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With the rise of the #MeToo movement, more and more victims are coming forward to report their allegations of sexual assault. Laws pertaining to statute of limitations and allegations differ from state to state, therefore it’s important to be aware of the time constraint that may be applicable in your state. We take a closer look at Californian Law, and go step by step through the process of what to expect when investigating a sexual assault allegation.
How Does A Sexual Assault Allegation Work In California?
First things first, when embarking on filling an allegation of sexual assault, it’s very important that you have the support you need to deal with the physical and emotional weight of what has happened to you. Our sexual assault lawyers are experienced in handling these types of cases and offer a level of professionalism and support to all victims.
As a victim of a crime, you have a number of rights. It’s important to understand what rights you have in relation to the criminal justice process, as well as at the trial process. DNA evidence is very important in sexual assault cases, and because of the nature of the case being invasive, it can result in dealing with some difficult questions. After the initial report has been made to law enforcement, the victim can decide whether or not they want to move forward with the investigation, in the form of pressing charges. This comes down to evidence available as well as the decision of the state.
What About The Statute Of Limitations?
Following the multiple cases against Bill Cosby, California changed its laws regarding rape and other sexual assault charges, thereby eliminating its statute of limitations. This move allows victims to come forward when they are ready, and have the opportunity to seek justice against the alleged perpetrator. The move means that the alleged perpetrator will not be able to evade legal consequences because of an expired time frame.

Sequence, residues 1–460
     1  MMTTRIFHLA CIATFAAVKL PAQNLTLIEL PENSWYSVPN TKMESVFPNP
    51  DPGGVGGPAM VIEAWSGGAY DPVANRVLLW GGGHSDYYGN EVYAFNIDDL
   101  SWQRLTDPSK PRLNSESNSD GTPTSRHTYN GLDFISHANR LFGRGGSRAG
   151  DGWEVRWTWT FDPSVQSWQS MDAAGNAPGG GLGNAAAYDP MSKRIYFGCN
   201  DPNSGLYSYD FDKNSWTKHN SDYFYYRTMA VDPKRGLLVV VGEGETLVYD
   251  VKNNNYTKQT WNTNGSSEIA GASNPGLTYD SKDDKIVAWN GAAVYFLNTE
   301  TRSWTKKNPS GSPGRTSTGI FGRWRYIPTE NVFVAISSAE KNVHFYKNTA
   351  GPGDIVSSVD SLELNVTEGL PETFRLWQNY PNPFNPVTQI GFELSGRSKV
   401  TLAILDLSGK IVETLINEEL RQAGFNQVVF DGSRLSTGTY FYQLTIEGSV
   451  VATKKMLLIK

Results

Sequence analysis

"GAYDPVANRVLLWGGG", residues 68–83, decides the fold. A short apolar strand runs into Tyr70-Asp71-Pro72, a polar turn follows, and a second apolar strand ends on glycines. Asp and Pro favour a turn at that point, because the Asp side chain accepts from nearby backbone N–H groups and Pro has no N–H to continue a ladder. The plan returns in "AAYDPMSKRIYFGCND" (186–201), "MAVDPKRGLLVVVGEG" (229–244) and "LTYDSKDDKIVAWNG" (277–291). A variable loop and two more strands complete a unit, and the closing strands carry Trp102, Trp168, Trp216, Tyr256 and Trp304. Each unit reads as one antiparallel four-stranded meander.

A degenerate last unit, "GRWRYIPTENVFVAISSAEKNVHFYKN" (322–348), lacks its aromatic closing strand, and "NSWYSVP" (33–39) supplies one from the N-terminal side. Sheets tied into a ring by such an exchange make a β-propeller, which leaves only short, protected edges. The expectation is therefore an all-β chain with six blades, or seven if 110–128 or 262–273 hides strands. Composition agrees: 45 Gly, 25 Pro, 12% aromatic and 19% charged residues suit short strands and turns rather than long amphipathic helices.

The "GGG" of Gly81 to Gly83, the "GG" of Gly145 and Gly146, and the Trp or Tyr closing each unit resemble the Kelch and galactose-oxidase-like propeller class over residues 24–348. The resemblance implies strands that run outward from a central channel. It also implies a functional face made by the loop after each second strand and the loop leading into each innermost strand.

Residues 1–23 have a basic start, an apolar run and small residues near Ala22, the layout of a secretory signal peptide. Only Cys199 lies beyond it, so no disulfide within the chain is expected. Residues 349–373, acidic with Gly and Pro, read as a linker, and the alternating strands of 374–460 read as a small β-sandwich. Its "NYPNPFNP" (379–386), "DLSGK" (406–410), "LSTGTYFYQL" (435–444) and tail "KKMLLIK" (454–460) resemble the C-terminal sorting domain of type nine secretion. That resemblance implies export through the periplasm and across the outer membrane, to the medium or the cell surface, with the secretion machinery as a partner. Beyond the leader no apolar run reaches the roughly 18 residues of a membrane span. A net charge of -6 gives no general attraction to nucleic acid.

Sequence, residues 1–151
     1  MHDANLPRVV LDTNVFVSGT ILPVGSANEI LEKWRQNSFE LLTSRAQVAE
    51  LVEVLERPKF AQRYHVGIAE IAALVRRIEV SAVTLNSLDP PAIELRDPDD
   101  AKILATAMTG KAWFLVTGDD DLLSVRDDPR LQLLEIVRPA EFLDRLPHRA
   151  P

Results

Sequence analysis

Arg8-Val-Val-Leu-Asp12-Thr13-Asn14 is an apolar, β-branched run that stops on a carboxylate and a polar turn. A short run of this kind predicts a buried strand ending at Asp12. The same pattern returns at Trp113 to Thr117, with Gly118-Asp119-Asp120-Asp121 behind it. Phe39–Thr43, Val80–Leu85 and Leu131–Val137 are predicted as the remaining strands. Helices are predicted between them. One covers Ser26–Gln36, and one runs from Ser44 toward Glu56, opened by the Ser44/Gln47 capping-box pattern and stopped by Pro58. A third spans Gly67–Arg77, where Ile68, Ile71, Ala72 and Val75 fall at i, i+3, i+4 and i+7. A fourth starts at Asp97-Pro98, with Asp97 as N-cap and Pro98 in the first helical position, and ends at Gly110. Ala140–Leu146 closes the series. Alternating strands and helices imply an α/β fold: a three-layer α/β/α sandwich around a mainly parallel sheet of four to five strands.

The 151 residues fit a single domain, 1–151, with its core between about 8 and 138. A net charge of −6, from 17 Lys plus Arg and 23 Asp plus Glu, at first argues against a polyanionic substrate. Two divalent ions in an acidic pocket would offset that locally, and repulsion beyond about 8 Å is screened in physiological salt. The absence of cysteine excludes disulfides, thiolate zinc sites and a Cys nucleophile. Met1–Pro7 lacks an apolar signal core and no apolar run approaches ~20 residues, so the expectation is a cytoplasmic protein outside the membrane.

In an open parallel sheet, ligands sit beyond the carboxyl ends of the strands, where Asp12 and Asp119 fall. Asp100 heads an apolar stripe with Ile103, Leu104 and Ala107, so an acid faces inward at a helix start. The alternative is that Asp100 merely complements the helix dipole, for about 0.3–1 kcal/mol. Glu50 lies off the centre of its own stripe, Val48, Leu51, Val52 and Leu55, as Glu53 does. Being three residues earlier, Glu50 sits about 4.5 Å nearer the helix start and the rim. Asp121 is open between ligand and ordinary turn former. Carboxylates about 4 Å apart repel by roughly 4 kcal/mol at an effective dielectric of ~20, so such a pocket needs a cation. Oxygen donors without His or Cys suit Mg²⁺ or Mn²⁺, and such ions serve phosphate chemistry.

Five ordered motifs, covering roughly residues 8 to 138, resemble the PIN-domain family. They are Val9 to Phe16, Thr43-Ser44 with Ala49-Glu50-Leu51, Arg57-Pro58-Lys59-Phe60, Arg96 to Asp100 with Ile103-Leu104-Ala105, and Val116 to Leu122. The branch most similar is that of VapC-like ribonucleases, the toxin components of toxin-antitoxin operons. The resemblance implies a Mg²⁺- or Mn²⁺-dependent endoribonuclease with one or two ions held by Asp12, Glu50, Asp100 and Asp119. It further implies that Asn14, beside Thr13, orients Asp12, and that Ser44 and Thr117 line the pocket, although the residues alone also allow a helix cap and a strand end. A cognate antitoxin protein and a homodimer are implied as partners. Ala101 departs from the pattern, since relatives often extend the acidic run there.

What Happens When It Goes To Trial?
The criminal justice system involves a number of aspects, such as the investigation of the possible crime, to determining the guilt or innocence of the alleged perpetrator. While this process may seem daunting at times, it can help to understand how it works, to make it seem less overwhelming, and why it’s the right thing to do. According to the law determined by the state, in California, a criminal complaint may be filled within one year of the date on which the identity of the suspect is conclusively established through DNA testing. There are stipulations about this compliant being filed, determined by when it occurred.
When a case against an alleged perpetrator goes to trial, this occurs in criminal court, where the victim is often called to testify. This will result in answering a lawyer’s questions under oath in front of a judge and/or jury. In your role as a witness, you will be required to answer questions from the defense attorney (the lawyer representing the alleged perpetrator) as well as the prosecuting attorney, who represents the state in the case against the alleged perpetrator, also known as the defendant, and is responsible for arguing why the court should convict the alleged perpetrator.
What Happens After The Trial?
The end of the trial may come with a sense of relief, but it’s not guaranteed that it will offer the justice or closure you may have sought. While your testimony may have been part of building a case against the perpetrator, it’s one of many aspects of the case that needs to be taken into consideration by the court. After testimonies from the witnesses and attorneys, there will be a time and date announced for the sentence hearing. This can occur days, weeks or months after the trial. As a victim, it’s not mandatory to attend. It’s important to remember that if the alleged perpetrator is acquitted, this does not mean that your story was not believed or disregarded, but rather it means that there was not enough evidence to prove what happened beyond a reasonable doubt.
For more information about what to do if you’ve been a victim of sexual assault, or how you can fight for justice, don’t hesitate to call us today at (800) 285-1763.